• Restating biased or unfair remarks: If a student says something that is clearly pointed at another student or is an unfair remark about a group of people, try to reframe their statement in a nonthreatening way, such as, "What I hear John saying is that....", or "Another way to say that is...."

  • Validating and affirming: Try to value a variety of responses and ideas. If someone has an opinion in the class that is different from everyone else's, affirm that student by saying something like, "Thank you for sharing. The fun part about a discussion is hearing everyone's ideas." Another response would be, "I hadn't thought of it like that. Your experience helps me understand why you think that."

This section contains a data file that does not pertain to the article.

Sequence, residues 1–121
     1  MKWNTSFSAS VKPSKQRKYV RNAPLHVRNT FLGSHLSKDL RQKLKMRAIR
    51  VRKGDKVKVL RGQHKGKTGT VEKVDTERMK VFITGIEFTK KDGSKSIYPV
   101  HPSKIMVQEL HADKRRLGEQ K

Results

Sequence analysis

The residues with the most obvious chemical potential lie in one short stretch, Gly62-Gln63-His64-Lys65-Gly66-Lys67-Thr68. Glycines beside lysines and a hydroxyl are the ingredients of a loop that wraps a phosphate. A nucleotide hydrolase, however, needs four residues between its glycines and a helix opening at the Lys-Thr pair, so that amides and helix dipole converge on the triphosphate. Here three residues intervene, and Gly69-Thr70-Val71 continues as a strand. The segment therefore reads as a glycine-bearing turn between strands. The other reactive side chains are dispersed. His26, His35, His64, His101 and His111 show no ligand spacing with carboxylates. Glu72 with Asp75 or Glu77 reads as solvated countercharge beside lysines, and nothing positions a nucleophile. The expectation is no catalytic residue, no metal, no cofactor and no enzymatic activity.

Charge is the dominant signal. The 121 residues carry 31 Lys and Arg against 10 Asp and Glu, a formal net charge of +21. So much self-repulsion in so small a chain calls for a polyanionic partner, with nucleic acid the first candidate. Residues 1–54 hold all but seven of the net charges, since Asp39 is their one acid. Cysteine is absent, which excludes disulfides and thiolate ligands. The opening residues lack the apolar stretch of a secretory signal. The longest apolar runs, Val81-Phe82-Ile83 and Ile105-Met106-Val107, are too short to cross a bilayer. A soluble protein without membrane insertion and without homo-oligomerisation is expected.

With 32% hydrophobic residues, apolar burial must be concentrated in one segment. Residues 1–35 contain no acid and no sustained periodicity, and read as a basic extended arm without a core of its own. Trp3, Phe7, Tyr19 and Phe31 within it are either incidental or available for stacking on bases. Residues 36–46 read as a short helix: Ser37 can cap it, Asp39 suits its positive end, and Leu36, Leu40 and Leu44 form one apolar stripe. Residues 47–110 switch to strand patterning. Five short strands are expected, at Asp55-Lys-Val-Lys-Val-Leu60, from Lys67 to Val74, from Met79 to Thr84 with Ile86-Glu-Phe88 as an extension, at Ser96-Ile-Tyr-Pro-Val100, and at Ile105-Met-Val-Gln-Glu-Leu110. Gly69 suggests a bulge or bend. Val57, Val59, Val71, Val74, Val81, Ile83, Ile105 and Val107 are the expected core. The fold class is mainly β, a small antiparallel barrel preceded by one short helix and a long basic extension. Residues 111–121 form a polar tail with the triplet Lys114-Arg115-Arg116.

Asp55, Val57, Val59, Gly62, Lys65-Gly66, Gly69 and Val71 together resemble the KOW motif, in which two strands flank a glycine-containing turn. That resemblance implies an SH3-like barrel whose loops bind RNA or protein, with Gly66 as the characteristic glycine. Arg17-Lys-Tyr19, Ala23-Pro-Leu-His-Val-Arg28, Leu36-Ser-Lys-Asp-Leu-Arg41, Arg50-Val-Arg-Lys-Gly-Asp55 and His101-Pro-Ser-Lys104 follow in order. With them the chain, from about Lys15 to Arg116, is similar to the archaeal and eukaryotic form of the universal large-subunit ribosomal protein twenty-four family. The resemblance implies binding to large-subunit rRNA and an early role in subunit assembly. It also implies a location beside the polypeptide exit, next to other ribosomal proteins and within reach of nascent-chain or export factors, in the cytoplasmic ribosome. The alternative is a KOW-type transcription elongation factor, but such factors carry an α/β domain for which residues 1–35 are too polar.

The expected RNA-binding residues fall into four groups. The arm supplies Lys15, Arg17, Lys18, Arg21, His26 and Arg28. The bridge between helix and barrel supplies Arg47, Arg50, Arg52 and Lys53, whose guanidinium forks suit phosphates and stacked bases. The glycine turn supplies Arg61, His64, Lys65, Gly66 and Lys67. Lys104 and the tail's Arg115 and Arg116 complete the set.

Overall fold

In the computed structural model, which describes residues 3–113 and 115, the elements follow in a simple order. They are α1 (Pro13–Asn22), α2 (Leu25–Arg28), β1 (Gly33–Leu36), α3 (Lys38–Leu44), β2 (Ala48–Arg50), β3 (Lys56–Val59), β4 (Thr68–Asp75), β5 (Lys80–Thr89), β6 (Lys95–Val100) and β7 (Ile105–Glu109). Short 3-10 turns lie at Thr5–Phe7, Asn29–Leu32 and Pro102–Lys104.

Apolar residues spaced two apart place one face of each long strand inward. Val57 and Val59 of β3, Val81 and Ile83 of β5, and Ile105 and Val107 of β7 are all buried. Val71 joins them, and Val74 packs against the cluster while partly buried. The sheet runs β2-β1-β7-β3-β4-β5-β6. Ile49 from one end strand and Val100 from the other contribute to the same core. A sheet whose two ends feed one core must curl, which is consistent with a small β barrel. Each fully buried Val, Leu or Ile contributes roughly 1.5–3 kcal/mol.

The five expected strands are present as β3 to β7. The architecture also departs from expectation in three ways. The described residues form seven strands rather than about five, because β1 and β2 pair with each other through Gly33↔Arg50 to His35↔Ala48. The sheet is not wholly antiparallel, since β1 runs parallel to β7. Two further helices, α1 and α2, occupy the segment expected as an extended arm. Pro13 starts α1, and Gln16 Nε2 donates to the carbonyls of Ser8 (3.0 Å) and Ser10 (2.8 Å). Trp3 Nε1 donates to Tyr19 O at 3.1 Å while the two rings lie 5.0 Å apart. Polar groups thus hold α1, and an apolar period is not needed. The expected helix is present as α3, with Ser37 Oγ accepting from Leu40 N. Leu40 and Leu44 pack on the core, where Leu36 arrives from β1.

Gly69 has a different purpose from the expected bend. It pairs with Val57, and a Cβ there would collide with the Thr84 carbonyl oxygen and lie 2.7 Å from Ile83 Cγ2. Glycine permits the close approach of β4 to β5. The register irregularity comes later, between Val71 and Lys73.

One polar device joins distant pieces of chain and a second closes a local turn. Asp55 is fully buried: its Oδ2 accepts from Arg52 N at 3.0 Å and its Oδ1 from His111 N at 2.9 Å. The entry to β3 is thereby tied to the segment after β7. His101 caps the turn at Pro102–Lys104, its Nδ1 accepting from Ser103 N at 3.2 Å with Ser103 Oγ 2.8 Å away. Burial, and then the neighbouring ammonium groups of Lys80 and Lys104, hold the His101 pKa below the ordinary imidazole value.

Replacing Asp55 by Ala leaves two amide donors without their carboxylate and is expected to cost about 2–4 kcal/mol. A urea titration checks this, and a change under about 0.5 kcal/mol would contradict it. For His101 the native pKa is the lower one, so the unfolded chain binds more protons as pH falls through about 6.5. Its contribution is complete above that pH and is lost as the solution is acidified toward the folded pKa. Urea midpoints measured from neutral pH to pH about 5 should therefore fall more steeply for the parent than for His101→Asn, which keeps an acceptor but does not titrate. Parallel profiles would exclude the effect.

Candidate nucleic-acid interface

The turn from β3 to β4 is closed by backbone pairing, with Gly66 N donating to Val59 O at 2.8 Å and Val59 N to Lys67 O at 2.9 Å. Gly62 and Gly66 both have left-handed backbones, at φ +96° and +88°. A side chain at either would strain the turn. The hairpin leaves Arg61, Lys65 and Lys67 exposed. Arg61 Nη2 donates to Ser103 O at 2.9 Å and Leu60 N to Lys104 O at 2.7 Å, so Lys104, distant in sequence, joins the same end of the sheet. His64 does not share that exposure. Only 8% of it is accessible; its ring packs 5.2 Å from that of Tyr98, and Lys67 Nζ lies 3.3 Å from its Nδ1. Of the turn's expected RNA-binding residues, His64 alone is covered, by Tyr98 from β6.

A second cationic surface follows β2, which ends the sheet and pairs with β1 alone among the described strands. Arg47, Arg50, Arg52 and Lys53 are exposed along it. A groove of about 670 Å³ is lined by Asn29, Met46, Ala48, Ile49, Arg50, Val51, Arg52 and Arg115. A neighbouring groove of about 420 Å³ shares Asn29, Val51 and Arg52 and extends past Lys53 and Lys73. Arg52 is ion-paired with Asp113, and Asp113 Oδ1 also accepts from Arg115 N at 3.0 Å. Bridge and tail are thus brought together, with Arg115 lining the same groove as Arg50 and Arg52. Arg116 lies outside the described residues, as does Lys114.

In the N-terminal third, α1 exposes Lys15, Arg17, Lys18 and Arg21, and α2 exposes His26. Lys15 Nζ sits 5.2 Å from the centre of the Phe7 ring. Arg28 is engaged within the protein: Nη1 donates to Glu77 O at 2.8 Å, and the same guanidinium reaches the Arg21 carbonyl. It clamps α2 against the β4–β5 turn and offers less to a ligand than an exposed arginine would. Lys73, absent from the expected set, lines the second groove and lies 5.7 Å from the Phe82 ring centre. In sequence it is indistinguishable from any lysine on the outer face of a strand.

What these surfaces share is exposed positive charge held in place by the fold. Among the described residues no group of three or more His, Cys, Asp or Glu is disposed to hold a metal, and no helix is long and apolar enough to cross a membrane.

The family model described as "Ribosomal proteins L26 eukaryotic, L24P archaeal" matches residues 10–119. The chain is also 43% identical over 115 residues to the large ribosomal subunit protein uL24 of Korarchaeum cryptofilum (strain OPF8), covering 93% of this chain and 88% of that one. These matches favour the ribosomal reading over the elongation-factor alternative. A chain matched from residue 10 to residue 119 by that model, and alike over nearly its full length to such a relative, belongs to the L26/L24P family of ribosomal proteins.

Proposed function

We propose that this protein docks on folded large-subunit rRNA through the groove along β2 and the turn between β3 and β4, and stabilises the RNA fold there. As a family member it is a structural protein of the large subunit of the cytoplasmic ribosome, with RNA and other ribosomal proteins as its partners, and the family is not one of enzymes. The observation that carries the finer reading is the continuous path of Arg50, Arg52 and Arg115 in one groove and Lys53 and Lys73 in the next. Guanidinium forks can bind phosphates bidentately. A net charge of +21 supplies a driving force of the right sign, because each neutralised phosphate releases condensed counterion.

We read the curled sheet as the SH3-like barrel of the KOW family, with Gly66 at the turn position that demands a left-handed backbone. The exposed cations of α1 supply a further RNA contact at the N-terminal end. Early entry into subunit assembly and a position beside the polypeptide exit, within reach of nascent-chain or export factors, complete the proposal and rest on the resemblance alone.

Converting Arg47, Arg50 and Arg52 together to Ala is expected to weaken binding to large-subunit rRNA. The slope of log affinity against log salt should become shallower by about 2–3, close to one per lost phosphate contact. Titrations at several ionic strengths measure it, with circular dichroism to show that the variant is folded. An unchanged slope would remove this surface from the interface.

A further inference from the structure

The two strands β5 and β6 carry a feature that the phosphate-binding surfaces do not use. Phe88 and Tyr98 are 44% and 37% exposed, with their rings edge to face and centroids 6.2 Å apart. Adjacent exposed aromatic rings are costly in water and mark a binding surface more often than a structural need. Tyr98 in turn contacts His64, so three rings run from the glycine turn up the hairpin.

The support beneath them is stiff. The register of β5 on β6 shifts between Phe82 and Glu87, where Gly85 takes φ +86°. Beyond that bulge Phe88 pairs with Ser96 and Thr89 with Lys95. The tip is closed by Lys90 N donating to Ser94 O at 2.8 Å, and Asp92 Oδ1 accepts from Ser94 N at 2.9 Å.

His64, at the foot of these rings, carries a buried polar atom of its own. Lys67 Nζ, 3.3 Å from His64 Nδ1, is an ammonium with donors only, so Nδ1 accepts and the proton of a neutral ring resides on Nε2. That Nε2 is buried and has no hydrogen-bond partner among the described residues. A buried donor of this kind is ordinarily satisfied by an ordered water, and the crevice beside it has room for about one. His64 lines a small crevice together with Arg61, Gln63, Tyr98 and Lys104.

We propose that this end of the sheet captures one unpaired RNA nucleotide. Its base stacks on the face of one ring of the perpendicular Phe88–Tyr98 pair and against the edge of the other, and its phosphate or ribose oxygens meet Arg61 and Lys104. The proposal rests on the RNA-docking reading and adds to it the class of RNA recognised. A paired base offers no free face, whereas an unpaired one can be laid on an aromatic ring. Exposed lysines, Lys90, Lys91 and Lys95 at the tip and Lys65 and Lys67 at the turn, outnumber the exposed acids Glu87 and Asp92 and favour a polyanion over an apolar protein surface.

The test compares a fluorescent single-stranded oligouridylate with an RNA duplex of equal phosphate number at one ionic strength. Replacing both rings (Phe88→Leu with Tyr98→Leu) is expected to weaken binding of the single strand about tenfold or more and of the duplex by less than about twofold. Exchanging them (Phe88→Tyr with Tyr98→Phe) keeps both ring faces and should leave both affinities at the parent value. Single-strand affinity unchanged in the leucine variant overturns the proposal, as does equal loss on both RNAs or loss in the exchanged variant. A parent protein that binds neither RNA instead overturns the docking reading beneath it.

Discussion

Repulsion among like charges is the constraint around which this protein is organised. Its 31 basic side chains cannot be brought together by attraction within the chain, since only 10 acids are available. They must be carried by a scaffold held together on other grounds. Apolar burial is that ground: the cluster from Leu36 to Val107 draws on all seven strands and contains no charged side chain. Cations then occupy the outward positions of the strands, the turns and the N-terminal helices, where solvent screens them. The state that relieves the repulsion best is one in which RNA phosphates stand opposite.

• Guiding students to expand on their thinking: Keep the conversation going by encouraging students to expand or explain their thinking, by saying things like "Can you explain that a little more?" or "Okay, good start. Now keep going with that idea."
4. The whole-class discussion should last as long as your students express interest. When you notice that students are fidgeting or not paying attention, end the discussion and ask students to expand on an idea discussed in class by illustrating or writing about it in their journal. Meet with students who did not get an opportunity to share with the whole class; listen to their ideas and help them formulate a journal entry. For younger students or struggling readers, you may want them to dictate their thoughts to you.